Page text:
Jan. 30, 2020 - In our annual Tax Review and Outlook report, we look back at significant developments that shaped the Canadian and U.S. tax landscapes in 2019 and offer our predictions on what to expect in the year ahead. Key Canadian Developments in 2019 Proposed changes to the employee stock option rules...
Québec Announces Tax Relief for Individuals Holding Interests in Public Corporations
On February 21, 2017, Québec’s Ministère des Finances released Information Bulletin 2017-3 announcing tax measures (i) to increase the deduction for stock options of publicly traded large businesses; (ii) to extend, to all sectors of activity, tax relief for the transfer of family businesses; and (iii) to allow for the deferral of income tax payment on certain deemed dispositions of interests in a qualified public corporation..
Increase in Deduction for Stock Options of Publicly Traded Large Businesses
Stock options receive preferential tax treatment. In general, an employee is required to include, in computing his or her income, the value of a benefit the employee was deemed to have received for a stock option granted by the employer. Such an employee may deduct, in computing his or her taxable income, an amount ranging from 25% to 50% of the value of the benefit, subject to certain conditions.
At the federal level and in all Canadian provinces other than Québec, the deduction is 50%. Since March 31, 2004, Québec had deviated from the Canadian approach by applyinga deduction rate of 25%, except for small or medium-sized businesses engaged in innovative activities.1
In order to offer a comparably competitive tax environment relative to the rest of Canada, Québec announced that the rate of the stock option deduction will increase to 50%, from 25%, in the case of options for shares of publicly traded corporations having a strong presence in Québec; this generally refers to corporations that pay wages of at least $10 million to employees who work at an establishment in Québec.2
The increased stock option deduction rate will apply to options granted after February 21, 2017.
Extension, to All Sectors of Activity, of Tax Relief for the Transfer of Family Businesses
In the March 2016 budget speech, the government of Québec had announced that, subject to certain conditions, shareholders disposing of shares in a small business corporation in the primary or manufacturing sector to non-arm’s-length persons after March 17, 2016 could treat the gain arising therefrom as a capital gain rather than a dividend; previously, this tax treatment had been reserved for transactions between persons dealing at arm’s length. This relief allows individuals to whom this measure applies to benefit from the capital gains exemption in certain cases.
This relief is being extended to all sectors of the economy and will apply retroactively to dispositions after March 17, 2017.
Deferral of Income Tax Payment on Certain Deemed Dispositions of Interests in a Qualified Public Corporation
Lastly, Information Bulletin 2017-3 introduces a measure for the deferral of income tax payments on capital gain arising from the deemed disposition of shares of certain public corporations upon the death of the shareholder or upon the application of the 21-year rule to a trust that owns the shares. This measure applies to any deemed disposition of a qualified share that occurs after February 21, 2017.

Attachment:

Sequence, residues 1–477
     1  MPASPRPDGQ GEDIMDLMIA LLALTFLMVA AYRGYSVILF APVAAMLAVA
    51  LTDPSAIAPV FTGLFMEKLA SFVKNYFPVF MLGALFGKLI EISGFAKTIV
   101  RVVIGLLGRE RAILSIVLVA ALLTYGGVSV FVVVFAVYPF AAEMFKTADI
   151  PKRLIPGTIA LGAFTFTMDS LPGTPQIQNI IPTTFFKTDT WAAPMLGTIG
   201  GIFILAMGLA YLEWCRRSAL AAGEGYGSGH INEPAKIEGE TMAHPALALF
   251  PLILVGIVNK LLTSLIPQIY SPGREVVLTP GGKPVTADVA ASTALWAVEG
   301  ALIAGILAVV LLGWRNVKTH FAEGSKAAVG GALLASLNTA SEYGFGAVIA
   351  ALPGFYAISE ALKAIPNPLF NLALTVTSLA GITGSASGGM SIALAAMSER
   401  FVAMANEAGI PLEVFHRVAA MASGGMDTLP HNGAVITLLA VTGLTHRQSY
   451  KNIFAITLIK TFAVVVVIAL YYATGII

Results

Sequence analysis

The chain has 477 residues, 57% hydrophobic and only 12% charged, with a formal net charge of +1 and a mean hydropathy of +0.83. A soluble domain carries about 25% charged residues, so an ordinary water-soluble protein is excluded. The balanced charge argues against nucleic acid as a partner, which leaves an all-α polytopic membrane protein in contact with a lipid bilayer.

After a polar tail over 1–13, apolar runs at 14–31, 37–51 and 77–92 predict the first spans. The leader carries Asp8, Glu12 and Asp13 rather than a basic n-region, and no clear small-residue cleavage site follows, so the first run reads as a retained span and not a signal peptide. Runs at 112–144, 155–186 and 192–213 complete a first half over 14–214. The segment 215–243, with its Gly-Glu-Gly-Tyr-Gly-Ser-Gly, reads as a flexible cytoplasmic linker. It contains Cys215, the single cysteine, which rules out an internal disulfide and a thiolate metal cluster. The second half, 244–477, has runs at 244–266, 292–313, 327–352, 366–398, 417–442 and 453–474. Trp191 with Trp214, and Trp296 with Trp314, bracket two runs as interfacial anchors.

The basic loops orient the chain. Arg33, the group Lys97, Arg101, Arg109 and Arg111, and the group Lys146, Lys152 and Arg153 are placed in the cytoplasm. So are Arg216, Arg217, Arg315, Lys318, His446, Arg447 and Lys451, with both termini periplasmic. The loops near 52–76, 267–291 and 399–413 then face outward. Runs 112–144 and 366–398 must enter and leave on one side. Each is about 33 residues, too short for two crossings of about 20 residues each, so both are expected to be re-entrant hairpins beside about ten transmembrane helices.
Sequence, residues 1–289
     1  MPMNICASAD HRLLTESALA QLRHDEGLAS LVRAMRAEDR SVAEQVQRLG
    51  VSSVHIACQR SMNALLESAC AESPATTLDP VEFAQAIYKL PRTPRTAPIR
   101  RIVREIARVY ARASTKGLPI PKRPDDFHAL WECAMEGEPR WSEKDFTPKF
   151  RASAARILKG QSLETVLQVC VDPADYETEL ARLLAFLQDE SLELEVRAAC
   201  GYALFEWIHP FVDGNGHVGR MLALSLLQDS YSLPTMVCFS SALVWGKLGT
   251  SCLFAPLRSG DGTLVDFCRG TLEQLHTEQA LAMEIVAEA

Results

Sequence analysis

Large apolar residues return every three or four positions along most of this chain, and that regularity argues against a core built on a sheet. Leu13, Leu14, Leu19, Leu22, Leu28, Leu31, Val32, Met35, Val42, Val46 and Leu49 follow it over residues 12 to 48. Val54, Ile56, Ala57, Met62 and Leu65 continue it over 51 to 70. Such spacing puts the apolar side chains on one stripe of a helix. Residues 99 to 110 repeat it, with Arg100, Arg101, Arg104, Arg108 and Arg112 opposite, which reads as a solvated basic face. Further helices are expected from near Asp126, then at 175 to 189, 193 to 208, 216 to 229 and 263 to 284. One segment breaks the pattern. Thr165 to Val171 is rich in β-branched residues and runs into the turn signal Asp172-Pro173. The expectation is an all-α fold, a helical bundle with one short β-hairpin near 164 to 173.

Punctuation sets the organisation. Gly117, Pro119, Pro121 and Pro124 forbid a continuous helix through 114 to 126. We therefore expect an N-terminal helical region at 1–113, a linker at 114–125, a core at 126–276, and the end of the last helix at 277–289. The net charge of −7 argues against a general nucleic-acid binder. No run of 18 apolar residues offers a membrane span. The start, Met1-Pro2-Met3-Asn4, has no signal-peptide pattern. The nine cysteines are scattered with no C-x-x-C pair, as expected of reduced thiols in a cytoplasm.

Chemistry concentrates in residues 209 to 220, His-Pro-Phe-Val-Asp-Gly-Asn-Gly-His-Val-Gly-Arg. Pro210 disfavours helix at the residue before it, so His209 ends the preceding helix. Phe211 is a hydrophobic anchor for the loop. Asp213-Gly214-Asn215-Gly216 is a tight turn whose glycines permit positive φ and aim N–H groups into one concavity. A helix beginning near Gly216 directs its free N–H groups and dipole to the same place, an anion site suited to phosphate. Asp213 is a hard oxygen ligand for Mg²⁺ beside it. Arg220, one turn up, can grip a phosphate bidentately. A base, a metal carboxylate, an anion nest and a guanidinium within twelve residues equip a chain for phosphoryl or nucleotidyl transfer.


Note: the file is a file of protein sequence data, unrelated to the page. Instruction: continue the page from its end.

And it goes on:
The announced measure will allow for the deferral of income tax payment as long as the shares of the corporation are not actually sold or as long as the qualification criteria are met, up to a maximum of 20 years. The measure also provides additional payment flexibility if the value of the shares decreases between the date of the initial income tax deferral and the date on which the tax becomes payable.
For a public corporation to qualify for the income tax deferral, it must have its head office in Québec and maintain an average payroll in Québec, over three years, equal to at least 75% of the payroll in Québec at the time of the application for deferral. It remains to be seen if a minimum payroll in Québec will be required, as is the case for the increase of the deduction for stock options of publicly traded large businesses discussed above.
For an individual or trust to qualify for the income tax deferral, it must hold, directly or indirectly, for as long as the income tax is being deferred, a number of shares representing more than one-third of the corporation’s voting rights. It is unclear how this criterion will apply in the case of a succession where there is a deemed disposition of the shares upon death.
A share of a private corporation is qualified if more than 95% of its value is attributable to shares of a public corporation that, in all circumstances, give it more than one-third of the public corporation’s voting rights.
To take advantage of the deferral, the taxpayer will be required to furnish security whose value, at all times, is at least 120% of the amount of the deferred income tax.
2.Or wages that the corporation is deemed to pay to employees of such an establishment in Québec.
Jan. 30, 2020 - Review of U.S. Tax Developments in 2019 In 2019, the U.S. tax world continued to be primarily concerned with developing guidance under the monumental Tax Cuts and Jobs Act (TCJA), which was enacted at the end of 2017. Major regulatory projects were proposed beginning in 2018,...